As the world tentatively eases from the general lockdown, businesses and brands are slowly opening up their awnings trying to navigate through the mist that 2021 offers. 2020 came with a storm of uncertainties leaving unprepared brands and businesses little time to grapple with positioning themselves to their consumers.
2020 has changed the world, perhaps forever. Companies and brands need to understand and map out new ways of connecting with their consumers. But this cannot be done if consumer behaviours that are already altered by a pandemic are not understood.
2021 too has its uncertainties and the brands and businesses that weathered the storm of the previous year need a new approach to get through this peculiar period and beyond. Some products and services like video-conferencing apps and video-streaming services have become essential products replacing physical meetings and cinemas respectively. Other brands have stumbled across the way trying to understand how best to connect with customers and remain relevant.
ID Africa and BHM’s lead consultants and advisers Enitan Kehinde, Precious Nwachukwu, Iretomiwa Akintunde-Johnson and Njideka Akabogu, in this 8-part guide, explore the intricate issues companies and communication experts need to look out for and address in order to be a step ahead as the post-pandemic season sets in.
Iretomiwa Akintunde-Johnson, a lead PR and communications adviser at ID Africa, writes on why creativity alone is not enough for communications campaigns to thrive but have to be properly managed through long-term strategic planning. “Long-term planning allows businesses to anticipate multiple scenarios and possible solutions long before uncertainty smacks them in the face. These gaffes sometimes paint a picture of rushed plans and executions, or a failure to view the results through the eyes of the customer we seek to attract.”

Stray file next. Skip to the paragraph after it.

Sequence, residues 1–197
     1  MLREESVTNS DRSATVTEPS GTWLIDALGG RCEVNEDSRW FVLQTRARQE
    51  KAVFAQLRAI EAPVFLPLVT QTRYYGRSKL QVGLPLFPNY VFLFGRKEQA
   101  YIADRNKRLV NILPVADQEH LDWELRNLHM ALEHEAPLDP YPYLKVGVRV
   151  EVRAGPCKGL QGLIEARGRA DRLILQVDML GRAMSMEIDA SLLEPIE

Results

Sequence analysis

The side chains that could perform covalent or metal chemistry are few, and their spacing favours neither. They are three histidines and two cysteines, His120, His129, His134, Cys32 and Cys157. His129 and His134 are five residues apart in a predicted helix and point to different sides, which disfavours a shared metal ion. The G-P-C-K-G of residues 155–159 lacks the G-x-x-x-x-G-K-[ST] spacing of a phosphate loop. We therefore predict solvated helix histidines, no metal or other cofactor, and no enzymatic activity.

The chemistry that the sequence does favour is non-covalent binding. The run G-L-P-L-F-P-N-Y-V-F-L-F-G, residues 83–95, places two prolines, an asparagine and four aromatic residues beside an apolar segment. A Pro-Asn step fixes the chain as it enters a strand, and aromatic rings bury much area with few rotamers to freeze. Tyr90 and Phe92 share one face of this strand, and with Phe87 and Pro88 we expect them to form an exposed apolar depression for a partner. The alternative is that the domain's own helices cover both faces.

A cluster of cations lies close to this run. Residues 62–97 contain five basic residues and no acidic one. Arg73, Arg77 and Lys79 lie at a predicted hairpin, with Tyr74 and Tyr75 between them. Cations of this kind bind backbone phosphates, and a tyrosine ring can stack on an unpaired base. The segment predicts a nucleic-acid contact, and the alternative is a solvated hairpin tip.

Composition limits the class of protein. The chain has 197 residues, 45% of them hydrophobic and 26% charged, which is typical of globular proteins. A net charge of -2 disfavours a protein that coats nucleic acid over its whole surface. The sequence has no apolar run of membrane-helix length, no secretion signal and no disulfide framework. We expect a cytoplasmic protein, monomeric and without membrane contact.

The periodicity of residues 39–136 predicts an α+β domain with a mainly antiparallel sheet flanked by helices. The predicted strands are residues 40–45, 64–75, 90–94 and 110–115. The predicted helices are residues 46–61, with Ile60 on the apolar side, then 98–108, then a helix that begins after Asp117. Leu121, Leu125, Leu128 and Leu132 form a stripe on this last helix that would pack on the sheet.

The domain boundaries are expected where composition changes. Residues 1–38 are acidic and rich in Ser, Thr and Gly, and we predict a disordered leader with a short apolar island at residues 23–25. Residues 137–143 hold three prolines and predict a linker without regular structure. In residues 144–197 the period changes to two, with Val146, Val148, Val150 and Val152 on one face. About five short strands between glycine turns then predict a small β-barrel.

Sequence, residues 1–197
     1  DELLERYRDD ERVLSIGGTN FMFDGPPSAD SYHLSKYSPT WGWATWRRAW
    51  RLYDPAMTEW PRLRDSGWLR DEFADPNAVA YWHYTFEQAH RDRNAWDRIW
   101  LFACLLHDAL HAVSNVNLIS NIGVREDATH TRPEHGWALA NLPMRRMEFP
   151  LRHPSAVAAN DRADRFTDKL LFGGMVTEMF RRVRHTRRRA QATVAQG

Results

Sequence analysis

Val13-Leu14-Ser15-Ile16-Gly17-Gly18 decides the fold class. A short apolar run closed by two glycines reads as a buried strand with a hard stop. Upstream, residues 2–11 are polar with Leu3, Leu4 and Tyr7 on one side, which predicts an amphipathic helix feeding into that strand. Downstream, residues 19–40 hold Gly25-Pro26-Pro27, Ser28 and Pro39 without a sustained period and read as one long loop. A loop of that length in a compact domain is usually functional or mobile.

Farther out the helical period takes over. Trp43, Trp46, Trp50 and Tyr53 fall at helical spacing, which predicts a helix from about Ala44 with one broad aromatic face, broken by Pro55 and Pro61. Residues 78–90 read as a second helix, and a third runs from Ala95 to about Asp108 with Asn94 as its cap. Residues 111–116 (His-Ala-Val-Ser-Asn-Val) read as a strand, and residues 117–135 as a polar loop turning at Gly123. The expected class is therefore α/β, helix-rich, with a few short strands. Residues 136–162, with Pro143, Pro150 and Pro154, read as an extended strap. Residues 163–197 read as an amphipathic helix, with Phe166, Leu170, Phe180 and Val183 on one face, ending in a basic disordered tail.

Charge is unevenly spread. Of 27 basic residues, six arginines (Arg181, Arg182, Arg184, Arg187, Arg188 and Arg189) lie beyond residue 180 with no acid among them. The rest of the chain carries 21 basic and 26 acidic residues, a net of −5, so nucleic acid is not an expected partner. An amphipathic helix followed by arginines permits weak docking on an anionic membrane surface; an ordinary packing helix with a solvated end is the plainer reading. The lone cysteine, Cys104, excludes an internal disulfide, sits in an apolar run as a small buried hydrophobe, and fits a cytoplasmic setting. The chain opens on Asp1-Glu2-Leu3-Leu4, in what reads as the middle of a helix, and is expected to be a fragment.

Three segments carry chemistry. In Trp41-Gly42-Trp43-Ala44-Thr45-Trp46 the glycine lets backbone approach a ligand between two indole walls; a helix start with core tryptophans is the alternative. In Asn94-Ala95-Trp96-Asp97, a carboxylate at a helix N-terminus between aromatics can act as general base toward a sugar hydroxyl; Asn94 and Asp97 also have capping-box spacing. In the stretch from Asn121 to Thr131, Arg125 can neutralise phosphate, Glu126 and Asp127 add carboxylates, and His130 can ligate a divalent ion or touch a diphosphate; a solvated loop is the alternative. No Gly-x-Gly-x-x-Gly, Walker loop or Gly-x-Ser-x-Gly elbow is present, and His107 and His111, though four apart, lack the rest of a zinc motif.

As the pandemic ushered in popular expressions and new ways of life like social distancing, remote-working and stay-at-home, the world is also seeing a renewed interest in community building. Precious Nwachukwu, a lead consultant at BHM believes that “…brands are faced with the task of building a powerful network of supporters who will not only hold each other up but also keep the bottom line up amid ambiguity. Brands that invest in engaging a passionate community can create a loyal customer base and make a great difference in brand building/growth.”
Many companies were unprepared for the difficulties that came with the pandemic and so struggled to have their heads above waters, something Enitan Kehinde, lead consultant, FMCG at BHM, believes planning would have helped to make a lot of difference “The true magic however comes in being one step ahead – possessing the ability to foresee an issue and proactively plan ahead or have a template prepared and ready to deal with such issues when they arise.”
Njideka Akabogu, lead PR and Communications Adviser and ID Africa, argues that the concept of thought leadership from within is not being exploited enough and that “Businesses can greatly benefit from positioning themselves and their in-house experts as thought leaders in whatever space they play in, not just by echoing what has been said a million times over, but by making meaningful contributions and championing conversations that move the needle in their various industries.”
BHM Group seeks to foster an in-depth understanding of the world’s business, tech, commercial, and communications landscape, with a unique perspective that Africa provides. The series is to be updated bi-annually, in order to serve as a guide to where our world could be five years from now.
You can read the entire editorial by clicking HERE